ABUJA (Reuters) - A blockbuster sci-fi movie which caricatures Nigerians as gangsters and cannibals and a Sony PlayStation advert which implies they are fraudsters have infuriated a government battling to improve the country’s image.
South African film “District 9,” which has topped the UK box office for two straight weeks and ranked in the top 10 in North America, is an allegory on segregation and xenophobia, with alien life forms cooped up in a township set in Johannesburg.
None of the groups shown comes out particularly well, but the Nigerians are portrayed as gangsters, cannibals, pimps and prostitutes, while their leader’s name is pronounced Obasanjo — the same as that of Nigeria’s former president.
Nigeria has banned cinemas from showing it.
“It is a Hollywood film, shot in South Africa and acted mainly by South Africans. We protested because it showed Nigeria in a very bad light,” Information Minister Dora Akunyili, who is spearheading a “rebranding Nigeria” campaign, told Reuters.
“There is no country that does not have prostitutes and criminals but definitely most countries don’t have cannibals, and we don’t have cannibals in this country. We don’t eat human flesh, it is definitely unacceptable,” she said.
Akunyili said the government had told the Nigerian Film and Video Censor Board to ensure “District 9” was no longer shown in movie theatres and to confiscate copies. It had also written to the producers telling them to edit out references to Nigeria.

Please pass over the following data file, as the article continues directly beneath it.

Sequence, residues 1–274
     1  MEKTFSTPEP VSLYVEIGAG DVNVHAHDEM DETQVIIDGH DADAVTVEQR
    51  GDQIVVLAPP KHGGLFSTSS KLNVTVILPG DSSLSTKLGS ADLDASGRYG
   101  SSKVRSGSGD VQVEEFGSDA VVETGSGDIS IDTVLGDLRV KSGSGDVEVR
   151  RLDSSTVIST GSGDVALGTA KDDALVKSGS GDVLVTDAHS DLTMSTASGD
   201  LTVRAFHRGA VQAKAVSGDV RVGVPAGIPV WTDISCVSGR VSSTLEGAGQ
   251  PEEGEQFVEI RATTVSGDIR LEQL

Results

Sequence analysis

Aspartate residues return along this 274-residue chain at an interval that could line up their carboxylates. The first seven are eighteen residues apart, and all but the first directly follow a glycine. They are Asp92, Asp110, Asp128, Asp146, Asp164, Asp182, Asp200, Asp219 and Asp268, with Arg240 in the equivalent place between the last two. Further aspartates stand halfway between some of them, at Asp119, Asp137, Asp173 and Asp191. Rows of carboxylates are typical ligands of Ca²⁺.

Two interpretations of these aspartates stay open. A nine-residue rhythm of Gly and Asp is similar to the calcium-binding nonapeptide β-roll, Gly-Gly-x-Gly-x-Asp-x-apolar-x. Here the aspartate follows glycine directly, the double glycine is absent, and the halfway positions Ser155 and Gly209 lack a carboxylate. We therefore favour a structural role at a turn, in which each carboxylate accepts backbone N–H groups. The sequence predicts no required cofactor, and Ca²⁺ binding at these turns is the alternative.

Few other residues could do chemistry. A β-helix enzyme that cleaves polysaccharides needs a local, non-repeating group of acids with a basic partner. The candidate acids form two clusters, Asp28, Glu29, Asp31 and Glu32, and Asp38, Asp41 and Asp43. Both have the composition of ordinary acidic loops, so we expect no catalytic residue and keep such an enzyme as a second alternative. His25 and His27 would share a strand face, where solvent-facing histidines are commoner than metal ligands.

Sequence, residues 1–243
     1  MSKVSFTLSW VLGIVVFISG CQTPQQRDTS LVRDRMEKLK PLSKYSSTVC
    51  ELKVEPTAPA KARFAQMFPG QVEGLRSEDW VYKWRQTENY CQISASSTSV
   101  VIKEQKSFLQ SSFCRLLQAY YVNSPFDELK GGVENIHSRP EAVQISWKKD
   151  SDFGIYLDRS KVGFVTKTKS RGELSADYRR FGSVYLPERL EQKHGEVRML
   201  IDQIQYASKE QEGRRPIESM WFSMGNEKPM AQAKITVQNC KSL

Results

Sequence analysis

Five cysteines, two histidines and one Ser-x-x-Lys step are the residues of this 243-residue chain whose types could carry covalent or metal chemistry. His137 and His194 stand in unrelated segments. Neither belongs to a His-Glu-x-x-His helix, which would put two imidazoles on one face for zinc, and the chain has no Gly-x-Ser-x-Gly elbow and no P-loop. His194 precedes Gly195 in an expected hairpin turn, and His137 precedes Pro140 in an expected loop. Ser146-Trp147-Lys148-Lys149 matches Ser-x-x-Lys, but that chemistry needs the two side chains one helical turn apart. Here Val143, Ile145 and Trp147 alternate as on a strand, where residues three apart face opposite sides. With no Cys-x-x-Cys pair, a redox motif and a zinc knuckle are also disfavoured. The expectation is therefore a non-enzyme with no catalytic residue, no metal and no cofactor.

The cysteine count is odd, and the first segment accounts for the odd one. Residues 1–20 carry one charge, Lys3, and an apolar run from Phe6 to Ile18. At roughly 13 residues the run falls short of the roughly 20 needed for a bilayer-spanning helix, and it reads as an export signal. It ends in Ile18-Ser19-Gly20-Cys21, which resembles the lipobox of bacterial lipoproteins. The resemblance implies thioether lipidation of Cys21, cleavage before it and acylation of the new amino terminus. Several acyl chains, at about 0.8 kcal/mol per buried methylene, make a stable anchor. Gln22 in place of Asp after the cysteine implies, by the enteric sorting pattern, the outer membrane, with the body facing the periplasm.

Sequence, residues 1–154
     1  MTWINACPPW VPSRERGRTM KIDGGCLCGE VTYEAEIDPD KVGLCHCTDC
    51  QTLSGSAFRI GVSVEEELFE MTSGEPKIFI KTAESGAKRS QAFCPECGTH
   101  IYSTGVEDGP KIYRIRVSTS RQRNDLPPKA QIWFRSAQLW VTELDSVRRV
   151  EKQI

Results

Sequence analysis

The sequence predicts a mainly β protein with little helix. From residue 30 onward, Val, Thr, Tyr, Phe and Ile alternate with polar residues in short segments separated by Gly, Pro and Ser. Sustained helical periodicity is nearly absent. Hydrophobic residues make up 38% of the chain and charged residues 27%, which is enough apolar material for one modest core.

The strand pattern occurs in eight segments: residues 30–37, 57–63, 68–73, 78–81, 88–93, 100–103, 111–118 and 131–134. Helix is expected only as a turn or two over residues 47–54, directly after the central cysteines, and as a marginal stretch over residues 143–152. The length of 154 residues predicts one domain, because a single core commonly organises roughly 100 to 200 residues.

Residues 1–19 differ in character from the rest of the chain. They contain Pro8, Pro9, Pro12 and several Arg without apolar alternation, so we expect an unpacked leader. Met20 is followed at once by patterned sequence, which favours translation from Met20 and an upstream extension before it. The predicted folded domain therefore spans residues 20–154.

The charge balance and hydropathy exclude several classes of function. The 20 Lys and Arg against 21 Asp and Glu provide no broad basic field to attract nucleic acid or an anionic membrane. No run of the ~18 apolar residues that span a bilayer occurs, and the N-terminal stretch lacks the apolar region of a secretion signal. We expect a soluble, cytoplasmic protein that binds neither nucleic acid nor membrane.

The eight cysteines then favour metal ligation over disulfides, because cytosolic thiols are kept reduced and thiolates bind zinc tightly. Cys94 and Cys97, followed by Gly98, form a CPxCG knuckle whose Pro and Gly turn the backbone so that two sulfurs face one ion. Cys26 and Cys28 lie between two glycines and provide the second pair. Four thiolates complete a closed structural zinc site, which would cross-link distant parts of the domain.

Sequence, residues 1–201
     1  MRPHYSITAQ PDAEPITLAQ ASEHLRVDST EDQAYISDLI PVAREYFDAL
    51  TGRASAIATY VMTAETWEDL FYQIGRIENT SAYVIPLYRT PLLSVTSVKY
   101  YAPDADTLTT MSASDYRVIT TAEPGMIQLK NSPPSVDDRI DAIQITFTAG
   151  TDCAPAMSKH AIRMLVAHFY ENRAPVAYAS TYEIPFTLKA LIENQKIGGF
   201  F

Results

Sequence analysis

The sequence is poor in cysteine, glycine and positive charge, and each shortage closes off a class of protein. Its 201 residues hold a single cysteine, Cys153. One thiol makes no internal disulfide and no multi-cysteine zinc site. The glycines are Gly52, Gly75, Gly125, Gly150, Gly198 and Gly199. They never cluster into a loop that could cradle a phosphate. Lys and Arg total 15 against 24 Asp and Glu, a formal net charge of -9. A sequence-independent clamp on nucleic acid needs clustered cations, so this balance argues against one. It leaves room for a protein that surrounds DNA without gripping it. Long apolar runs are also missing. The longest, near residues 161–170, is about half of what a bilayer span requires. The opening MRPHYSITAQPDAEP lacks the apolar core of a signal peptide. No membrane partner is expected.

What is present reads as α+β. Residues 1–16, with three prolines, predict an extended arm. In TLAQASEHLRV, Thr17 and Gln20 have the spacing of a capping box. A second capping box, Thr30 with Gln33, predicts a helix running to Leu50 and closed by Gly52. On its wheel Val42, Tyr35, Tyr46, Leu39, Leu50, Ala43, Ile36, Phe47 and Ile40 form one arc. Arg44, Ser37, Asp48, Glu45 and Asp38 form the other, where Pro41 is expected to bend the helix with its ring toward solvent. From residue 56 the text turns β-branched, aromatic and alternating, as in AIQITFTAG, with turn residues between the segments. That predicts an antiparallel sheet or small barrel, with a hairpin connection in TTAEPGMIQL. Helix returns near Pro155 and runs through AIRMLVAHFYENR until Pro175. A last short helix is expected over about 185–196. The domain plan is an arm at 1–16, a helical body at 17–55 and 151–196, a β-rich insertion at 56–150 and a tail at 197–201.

“We do not encourage censorship or government forcibly prescribing actions that infringe upon a consumer’s right to choose,” said Roy Murray Bruce, president of Silverbird Group, which owns one of the country’s main cinema chains.
“However in this instance, Silverbird is fully behind the censorship board’s ban on the movie because of its demeaning, crass and offensive misrepresentation of Nigeria and Nigerians.”
The controversy comes as Africa’s most populous nation seeks to shrug off its image as an epicentre of corruption, epitomized by “419” email fraudsters named after the article in Nigeria’s penal code that deals with advance fee fraud.
In March, the government launched a rebranding campaign with the slogan: “Nigeria: Good People, Great Nation.”
Even Nigeria’s banking sector is being forced to clean up its act. The central bank last month removed the heads of five banks as part of a $2.6 billion (1.6 billion pound) bailout, before anti-corruption police brought charges against them including recklessly granting loans without due authorization.
“District 9” has not been the only headache for Akunyili’s rebranding campaign.
Sonyhad to edit an advert for its PlayStation 3 gaming console in which a customer asks the price, and was originally told: “You can’t believe everything you read on the internet, otherwise I’d be a Nigerian millionaire by now.”
“Why didn’t Sony, for instance, use Japan? Japanese being criminals. Don’t they have criminals in Japan,” Akunyili said.
“In District 9, why didn’t Hollywood use the criminals in New York? How many shootings do we have in a day in New York? Why didn’t they use the name of their president or their former president? There is no way anybody can defend what they did.”
She said Sony had apologized.